> >In other words, with some words, you'll have to resort to
> >'expressiveness' to explain the gemination, which is no explanation
> >at all.
> Why not? In many languages, "expressive" formnations do
> have their own peculiar phonology and phonotactics, and
> follow different historical developments.
What is 'expressive'? What does it express? It sounds to me like
someone is playing on the word's connotations of 'hypochoristic' and
'diminutive' but doesn't want to say it straight out, since that would
provide an actual criterion for evaluating the use of that epithet, by
which it would surely fail. Those supposed 'expressive' forms have
nothing semantic in common.
Anyway, I thought I'd reconstruct a typical verb of the geminate
language. Let's take dump/duck etc, Schrijver's example:
I've assumed the language is IE, and that it was absorbed in Germanic
pre-Grimm. Further that PIE had allophones *ke/*po (and *ku) for the
phoneme *kW (and correspondingly for the other labiovelats),
corresponding to some pre-stage of Greek, and that the various
languages generalized one the various allophones.
The preterite I reconstruct based the 'subitive s' in some German
verbs: plumpsen etc, and as a starting point of a later s-aorist. It
would have been constructed mana kartam - style: by-me (was) dumped, etc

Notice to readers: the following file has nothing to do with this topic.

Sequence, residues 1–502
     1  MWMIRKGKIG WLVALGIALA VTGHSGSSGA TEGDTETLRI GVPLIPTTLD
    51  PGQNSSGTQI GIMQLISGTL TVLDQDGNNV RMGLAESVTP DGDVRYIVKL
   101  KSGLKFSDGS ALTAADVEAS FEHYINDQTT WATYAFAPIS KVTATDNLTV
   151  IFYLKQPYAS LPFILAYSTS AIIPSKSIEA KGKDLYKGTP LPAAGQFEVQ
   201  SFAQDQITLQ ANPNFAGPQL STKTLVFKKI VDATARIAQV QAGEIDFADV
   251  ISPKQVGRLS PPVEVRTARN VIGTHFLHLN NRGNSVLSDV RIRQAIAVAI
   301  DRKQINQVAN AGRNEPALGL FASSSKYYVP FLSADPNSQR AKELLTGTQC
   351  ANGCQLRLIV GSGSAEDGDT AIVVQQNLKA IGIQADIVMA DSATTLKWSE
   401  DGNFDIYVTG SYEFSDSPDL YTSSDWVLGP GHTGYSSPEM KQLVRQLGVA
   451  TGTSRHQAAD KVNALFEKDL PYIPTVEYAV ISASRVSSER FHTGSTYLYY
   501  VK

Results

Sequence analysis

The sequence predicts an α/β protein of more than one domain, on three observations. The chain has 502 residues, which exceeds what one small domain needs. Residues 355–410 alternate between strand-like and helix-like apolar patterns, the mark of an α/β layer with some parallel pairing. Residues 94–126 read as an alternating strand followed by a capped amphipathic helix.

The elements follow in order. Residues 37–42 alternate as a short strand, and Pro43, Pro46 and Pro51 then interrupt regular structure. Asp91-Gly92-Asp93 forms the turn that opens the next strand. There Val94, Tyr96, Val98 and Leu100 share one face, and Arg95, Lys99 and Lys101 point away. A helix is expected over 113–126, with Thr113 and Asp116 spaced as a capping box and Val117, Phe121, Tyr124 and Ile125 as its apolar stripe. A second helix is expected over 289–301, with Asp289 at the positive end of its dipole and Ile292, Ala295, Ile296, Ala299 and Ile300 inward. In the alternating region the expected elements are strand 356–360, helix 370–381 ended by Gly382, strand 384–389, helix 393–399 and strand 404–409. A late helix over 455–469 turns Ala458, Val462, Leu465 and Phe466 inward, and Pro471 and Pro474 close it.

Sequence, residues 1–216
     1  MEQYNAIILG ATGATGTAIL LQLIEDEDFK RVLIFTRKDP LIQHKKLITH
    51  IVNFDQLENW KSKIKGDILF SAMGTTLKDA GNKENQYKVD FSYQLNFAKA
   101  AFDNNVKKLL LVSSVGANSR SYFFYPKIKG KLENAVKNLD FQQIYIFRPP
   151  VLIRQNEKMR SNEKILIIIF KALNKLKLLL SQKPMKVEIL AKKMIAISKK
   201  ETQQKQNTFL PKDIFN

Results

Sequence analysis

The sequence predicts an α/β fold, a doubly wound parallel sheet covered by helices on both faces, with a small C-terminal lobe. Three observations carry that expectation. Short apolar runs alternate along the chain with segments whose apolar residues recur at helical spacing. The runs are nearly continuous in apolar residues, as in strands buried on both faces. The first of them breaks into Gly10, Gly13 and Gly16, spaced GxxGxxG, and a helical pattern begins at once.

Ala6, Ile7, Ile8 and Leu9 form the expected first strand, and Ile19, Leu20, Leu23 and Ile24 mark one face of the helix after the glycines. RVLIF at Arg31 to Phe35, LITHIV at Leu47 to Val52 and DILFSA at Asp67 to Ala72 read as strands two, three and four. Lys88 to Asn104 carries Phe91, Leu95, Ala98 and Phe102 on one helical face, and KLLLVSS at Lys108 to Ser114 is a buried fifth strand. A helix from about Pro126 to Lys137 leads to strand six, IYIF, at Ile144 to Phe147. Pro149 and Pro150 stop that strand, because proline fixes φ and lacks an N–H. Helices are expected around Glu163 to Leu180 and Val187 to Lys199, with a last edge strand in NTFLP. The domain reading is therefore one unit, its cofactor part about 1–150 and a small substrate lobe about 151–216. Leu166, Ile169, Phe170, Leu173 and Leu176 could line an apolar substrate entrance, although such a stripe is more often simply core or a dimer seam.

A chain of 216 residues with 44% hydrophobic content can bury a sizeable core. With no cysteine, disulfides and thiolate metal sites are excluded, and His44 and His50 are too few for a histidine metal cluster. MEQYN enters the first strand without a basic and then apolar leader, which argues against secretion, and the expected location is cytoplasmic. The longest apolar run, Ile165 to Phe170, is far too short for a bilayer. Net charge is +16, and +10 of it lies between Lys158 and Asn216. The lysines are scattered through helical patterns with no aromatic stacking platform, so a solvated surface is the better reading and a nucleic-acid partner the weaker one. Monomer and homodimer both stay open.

Now, interestingly, this verb group has a Swedish cognate which goes
by the 1st strong conj.: dimpa, damp, etc "fall down".
I've proposed earlier to emend the ablaut scheme from
e, o, zero
ei, oi, i
eu, ou, u
e, o, zero
ei, ei, i
ou, ou, u
with later analogical remodelling to the first scheme. That way we
take account of the fact that even though PPIE had the three vowels i,
a, u it seems in the old scheme like verbs always had the vowel /a/.
But it occurred to me that the VRC scheme, that of the Germanic first
strong conj., needed to be adapted too, from
eRC, oRC, R.C
so that it was spread more evenly, so to speak, in PPIE on the three
vowels (Miguel did something similar by letting all PPIE i, a, u short
vowels -> schwa, IIRC), so to
aRC, aRC, aRC
iRC, iRC, iRC
uRC, uRC, uRC
eRC, oRC, aRC/iRC/uRC/R.C
which apparently happened to the Swedish verb.